E-Health and telemedicine: Opportunities and obstacles surrounding digital media services

(Credit: Unsplash)

This article was exclusively written for The European Sting by Miss Sarosha Damani, a year 10 secondary school student in London, who is studying towards her GCSEs. She is affiliated with the International Federation of Medical Students Associations (IFMSA), cordial partner of The Sting. The opinions expressed in this piece belong strictly to the writer and do not necessarily reflect IFMSA’s view on the topic, nor The European Sting’s one.

E-health is the use of information and communication technology to support health and healthcare, driven by non-professionals whilst telemedicine is the remote healthcare service of patients, such as consultations, diagnosis, and treatments by communication through technology. Both have been on the rise before the COVID-19 pandemic but have accelerated due to restrictions to curb the infection, advice to not leave the house and changes in practice. In April 2020, overall telehealth utilisation for office visits and outpatient care was 78 times higher than in February 2020 according to McKinsey and Company.

E-health and telemedicine come with many opportunities. E-health gives everyone the chance to get medical attention and support, whilst it can also be time and resource-efficient, saving commuting time and travel costs. For example, the utilisation of mySugar application, a Diabetes tracker log which provides a personalised dashboard to help plan a diet amongst other vital signs would save a trip to the doctor’s office. Similarly, telemedicine also provides convenience, for both the clinician and the service user. Telemedicine enables doctors to see more patients in a shorter period of time, whilst the virtual appointments make it easier to fit around the service user’s schedules, with no need to take time off work, and wait around in a waiting room. One benefit not spoken about much with respect to telemedicine is how practitioners are able to see one in their home environment, which can help them make tailored approaches to the individual and see potential social factors which may influence the medical diagnosis or the treatment plan.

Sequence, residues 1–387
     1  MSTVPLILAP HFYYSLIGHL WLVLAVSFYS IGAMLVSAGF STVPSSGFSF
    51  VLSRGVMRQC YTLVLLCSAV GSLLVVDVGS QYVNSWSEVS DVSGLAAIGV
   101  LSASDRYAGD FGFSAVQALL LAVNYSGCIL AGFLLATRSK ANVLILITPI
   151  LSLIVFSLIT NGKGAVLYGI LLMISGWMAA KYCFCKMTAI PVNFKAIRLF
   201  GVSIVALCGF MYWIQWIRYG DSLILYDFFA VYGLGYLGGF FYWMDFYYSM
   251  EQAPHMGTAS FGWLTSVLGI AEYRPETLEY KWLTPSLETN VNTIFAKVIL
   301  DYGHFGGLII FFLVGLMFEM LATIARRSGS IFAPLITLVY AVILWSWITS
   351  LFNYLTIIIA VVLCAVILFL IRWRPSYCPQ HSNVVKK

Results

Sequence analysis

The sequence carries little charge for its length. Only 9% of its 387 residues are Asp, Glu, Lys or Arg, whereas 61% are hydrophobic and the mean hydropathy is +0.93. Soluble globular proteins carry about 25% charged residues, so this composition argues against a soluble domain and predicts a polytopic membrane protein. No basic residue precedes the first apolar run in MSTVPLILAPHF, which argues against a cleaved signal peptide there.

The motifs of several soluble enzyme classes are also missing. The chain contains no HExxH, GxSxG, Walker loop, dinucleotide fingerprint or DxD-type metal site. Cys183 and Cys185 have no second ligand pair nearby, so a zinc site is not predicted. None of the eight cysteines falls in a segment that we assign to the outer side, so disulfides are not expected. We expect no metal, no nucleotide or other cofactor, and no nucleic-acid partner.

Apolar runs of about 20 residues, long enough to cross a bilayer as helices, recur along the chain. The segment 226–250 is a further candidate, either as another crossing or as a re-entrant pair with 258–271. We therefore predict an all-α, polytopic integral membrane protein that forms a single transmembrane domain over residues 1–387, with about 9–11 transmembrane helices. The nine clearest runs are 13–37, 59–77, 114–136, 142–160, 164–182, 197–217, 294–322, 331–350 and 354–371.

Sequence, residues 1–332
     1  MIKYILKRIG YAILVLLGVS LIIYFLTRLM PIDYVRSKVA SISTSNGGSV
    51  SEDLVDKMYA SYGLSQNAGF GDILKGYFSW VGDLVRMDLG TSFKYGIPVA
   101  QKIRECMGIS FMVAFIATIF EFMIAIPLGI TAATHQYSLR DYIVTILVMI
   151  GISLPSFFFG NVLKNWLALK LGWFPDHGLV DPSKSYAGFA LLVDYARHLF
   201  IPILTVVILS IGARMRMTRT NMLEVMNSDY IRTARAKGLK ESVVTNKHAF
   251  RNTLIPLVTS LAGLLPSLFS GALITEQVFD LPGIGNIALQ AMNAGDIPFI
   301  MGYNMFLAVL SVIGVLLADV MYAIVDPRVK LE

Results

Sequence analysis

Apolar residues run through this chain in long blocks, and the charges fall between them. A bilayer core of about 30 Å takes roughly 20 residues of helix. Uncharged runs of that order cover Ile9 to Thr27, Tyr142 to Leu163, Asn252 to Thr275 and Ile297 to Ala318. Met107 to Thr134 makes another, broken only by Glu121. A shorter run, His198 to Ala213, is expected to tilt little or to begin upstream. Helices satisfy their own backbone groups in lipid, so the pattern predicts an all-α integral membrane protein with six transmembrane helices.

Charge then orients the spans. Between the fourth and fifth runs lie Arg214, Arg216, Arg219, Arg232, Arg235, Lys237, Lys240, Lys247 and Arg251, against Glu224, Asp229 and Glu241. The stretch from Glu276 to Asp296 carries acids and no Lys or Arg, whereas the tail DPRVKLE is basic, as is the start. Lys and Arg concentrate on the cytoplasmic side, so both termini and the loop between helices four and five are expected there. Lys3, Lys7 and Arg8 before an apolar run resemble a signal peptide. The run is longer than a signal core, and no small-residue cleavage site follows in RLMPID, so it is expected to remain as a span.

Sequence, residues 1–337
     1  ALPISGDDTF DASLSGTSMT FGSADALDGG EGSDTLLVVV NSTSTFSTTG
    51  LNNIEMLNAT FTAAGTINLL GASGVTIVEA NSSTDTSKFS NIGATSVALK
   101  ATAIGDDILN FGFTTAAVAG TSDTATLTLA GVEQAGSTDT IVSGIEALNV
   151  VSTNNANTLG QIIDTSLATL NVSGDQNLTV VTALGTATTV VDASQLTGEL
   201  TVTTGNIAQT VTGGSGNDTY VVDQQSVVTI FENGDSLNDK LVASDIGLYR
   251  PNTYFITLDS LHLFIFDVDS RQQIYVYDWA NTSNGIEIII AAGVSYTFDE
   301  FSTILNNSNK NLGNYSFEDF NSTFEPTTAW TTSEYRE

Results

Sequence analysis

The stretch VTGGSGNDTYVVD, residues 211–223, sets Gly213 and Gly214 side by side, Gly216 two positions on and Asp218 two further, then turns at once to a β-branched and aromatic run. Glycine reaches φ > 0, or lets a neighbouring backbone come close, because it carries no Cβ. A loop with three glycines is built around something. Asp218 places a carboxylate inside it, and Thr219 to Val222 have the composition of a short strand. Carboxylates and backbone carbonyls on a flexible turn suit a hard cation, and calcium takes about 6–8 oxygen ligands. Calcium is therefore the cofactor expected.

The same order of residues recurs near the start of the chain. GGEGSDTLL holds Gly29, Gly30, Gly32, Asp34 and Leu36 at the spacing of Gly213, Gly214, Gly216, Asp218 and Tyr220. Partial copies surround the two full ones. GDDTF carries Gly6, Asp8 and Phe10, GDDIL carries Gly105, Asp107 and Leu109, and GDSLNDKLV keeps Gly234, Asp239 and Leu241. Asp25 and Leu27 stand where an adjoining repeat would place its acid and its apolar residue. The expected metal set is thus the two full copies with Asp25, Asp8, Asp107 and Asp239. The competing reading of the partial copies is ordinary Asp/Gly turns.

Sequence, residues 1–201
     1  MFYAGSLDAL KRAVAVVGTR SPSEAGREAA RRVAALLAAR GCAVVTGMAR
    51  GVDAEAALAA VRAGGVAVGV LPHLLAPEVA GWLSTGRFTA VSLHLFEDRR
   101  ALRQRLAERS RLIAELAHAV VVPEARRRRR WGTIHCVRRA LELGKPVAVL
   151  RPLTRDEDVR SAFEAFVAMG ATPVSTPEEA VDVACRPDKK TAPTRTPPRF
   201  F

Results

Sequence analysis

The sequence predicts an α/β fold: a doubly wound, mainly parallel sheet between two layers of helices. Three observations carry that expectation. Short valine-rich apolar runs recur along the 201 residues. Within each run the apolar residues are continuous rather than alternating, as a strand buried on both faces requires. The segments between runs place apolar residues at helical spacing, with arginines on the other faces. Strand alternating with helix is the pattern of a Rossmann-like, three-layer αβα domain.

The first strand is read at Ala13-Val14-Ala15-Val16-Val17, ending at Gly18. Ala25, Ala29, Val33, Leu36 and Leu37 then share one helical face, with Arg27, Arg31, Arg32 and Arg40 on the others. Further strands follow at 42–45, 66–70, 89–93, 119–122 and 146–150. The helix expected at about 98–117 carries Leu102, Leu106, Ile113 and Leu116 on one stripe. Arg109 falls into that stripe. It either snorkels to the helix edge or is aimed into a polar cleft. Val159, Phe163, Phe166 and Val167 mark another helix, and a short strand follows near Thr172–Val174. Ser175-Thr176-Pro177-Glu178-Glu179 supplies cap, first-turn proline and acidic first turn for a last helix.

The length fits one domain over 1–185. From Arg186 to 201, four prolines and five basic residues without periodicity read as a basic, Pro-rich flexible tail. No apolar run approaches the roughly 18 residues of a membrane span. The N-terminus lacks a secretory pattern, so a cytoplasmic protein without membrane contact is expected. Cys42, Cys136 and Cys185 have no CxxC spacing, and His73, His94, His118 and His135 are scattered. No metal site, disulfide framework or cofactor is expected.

However, with such opportunities also come obstacles. With so many services available, the apps need to be better absorbed into healthcare systems to be used to their maximum potential. If patients don’t understand how to use technology let alone telemedicine services, it can reduce utilisation and cause issues for both patients and professionals. Healthcare professionals must also be trained to help out patients if needed. On the other hand, some may not even have the technology or data to use these services. Many assume everyone has access to technology however internet poverty is an issue that needs to be addressed. The researchers from the University of Cambridge wrote that the digital divide is not just a generational issue but is a significant issue that will hit the poor the hardest as they will be left behind. Additionally, due to the growing market, there are many services available which may not be used if your patients are not aware of your telemedicine services.

To conclude, whilst telemedicine and e-health have their benefits and drawbacks, it is clear and evident that they will be playing an increasingly important role going forwards as we emerge from the pandemic. It is important that we integrate these into existing systems, that we do not replace face to face services and do not forget those who are most marginalised.







About the author

Miss Sarosha Damani is a year 10 secondary school student in London, who is studying towards her GCSEs. Sarosha’s interests lie in health and wellbeing, and she hopes to study a healthcare related degree at university.

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